PHT Morning Skate: The Canucks’ power play is a big problem

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— Following a six-game winning streak that moved them back into playoff contention the Vancouver Canucks dropped their fourth game in a row on Sunday night, losing 2-1 to Cory Schneider and the New Jersey Devils. A power play unit that is currently 27th in the league on the season and has gone just 1-for-17 during their current losing streak has been a big part of the problem and Ben Kuzma of the Province looked into it following their most recent defeat. [The Province]

— The Washington Capitals’ 5-0 win on Sunday (highlights above) that improved their winning streak to nine games was also the 1,500th win in franchise history. [Washington Capitals]

— Will this be the year Shane Doan waives his no-trade clause to get a chance at the Stanley Cup? Elliotte Friedman speculates that if the Coyotes, who currently have the second worst record in the league, approached the now-40-year-old Doan about a trade that he might be willing to accept it. He has four goals and eight assists in 40 games this season. [Sportsnet]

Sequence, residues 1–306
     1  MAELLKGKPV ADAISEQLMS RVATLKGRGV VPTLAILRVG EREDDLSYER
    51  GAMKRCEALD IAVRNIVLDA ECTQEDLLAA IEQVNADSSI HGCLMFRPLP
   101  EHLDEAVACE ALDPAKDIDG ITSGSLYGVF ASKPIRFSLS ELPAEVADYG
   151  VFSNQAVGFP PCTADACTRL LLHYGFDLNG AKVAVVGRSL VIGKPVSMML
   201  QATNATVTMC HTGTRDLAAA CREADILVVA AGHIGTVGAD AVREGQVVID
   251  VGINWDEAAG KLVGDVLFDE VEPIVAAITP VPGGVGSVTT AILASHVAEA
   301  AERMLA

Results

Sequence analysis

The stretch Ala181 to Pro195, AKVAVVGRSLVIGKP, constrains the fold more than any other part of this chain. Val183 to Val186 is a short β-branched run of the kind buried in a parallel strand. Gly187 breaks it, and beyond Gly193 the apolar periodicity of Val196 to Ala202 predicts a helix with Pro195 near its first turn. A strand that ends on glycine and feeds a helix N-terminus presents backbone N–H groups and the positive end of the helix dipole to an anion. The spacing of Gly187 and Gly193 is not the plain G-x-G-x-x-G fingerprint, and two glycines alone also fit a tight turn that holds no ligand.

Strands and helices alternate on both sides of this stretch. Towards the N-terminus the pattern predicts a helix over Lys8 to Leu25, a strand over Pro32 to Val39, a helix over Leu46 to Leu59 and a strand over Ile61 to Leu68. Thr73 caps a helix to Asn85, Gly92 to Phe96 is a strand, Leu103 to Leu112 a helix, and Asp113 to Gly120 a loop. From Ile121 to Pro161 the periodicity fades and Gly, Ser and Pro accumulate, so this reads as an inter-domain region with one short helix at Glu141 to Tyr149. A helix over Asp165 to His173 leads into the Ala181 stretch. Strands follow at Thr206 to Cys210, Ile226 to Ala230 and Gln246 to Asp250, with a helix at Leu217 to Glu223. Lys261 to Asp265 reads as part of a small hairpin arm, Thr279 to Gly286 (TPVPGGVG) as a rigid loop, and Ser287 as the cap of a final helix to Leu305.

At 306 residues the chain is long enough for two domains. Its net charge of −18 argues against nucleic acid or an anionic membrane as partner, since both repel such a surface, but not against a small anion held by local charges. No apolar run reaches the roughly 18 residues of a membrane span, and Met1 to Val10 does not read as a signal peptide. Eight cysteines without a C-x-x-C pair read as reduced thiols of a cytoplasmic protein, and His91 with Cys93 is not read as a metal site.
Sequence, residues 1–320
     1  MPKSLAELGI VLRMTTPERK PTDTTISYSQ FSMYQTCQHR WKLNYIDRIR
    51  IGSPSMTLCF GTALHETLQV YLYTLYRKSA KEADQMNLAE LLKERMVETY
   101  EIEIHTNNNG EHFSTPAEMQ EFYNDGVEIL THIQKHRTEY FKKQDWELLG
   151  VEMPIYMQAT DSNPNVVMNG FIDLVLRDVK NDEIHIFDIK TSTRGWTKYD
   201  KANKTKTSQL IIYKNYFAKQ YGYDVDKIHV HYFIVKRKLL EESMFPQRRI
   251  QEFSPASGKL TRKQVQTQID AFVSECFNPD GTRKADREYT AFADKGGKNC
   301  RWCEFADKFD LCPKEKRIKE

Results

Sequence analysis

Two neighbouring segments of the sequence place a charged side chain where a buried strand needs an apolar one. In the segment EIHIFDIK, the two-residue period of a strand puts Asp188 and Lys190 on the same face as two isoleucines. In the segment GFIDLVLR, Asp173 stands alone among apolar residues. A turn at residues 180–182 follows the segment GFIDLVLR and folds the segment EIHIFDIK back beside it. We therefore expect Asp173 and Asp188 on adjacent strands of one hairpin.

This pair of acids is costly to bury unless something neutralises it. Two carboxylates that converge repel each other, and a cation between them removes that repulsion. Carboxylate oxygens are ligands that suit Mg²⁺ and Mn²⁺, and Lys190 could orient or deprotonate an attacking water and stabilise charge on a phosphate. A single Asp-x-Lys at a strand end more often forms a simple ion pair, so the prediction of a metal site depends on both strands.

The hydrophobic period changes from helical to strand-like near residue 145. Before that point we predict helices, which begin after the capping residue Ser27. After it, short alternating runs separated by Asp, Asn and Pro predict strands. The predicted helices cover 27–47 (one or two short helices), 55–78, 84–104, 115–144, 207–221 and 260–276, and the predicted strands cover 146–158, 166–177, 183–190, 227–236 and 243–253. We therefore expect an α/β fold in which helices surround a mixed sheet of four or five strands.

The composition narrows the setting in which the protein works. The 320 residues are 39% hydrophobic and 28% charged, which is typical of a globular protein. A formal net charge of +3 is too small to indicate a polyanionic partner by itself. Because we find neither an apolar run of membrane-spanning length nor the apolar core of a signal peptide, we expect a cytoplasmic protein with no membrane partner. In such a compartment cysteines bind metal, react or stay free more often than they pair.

— Edmonton Oilers forward Drake Caggiula had some fun at the team’s skills competition over the weekend by taking out in the shootout dressed as … Drake. [Edmonton Oilers/YouTube]

— Los Angeles Kings general manager Dean Lombardi had an update on the status of injured goaltender Jonathan Quick on Sunday and basically said there is “no change” that he is still “a long way off.” He has been injured since the season opener and has not played since, making Peter Budaj the team’s starting goaltender this season. Budaj has a .917 save percentage and a 20-11-3 record in Quick’s absence for a Kings team that is hanging on to a playoff spot in the Western Conference [Kings Insider]

— Since their 16-game winning streak came to an end the Columbus Blue Jackets have lost four of their past six games and had to use four different goaltenders over the past four games. Is that post-winning streak hangover something that is going to be good for them in the long run? [Columbus Dispatch]

— The Minnesota Wild extended their winning streak to four games on Sunday night and moved into sole possession of first place with a 3-2 win over the Chicago Blackhawks. They now have a two-point lead over the Blackhawks with four games in hand on them. Here are the highlights from Sunday’s game.